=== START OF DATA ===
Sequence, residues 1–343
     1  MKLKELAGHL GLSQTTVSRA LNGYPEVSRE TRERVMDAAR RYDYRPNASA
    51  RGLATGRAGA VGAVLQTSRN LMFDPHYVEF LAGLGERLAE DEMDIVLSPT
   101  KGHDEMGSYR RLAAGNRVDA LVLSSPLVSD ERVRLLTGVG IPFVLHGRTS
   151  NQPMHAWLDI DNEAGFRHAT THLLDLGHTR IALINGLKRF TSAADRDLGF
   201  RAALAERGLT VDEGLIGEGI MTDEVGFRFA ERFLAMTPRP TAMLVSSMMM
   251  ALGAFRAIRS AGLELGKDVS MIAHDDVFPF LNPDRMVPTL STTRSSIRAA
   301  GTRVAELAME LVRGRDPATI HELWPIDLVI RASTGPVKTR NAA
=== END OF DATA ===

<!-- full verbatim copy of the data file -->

Sequence, residues 1–343
     1  MKLKELAGHL GLSQTTVSRA LNGYPEVSRE TRERVMDAAR RYDYRPNASA
    51  RGLATGRAGA VGAVLQTSRN LMFDPHYVEF LAGLGERLAE DEMDIVLSPT
   101  KGHDEMGSYR RLAAGNRVDA LVLSSPLVSD ERVRLLTGVG IPFVLHGRTS
   151  NQPMHAWLDI DNEAGFRHAT THLLDLGHTR IALINGLKRF TSAADRDLGF
   201  RAALAERGLT VDEGLIGEGI MTDEVGFRFA ERFLAMTPRP TAMLVSSMMM
   251  ALGAFRAIRS AGLELGKDVS MIAHDDVFPF LNPDRMVPTL STTRSSIRAA
   301  GTRVAELAME LVRGRDPATI HELWPIDLVI RASTGPVKTR NAA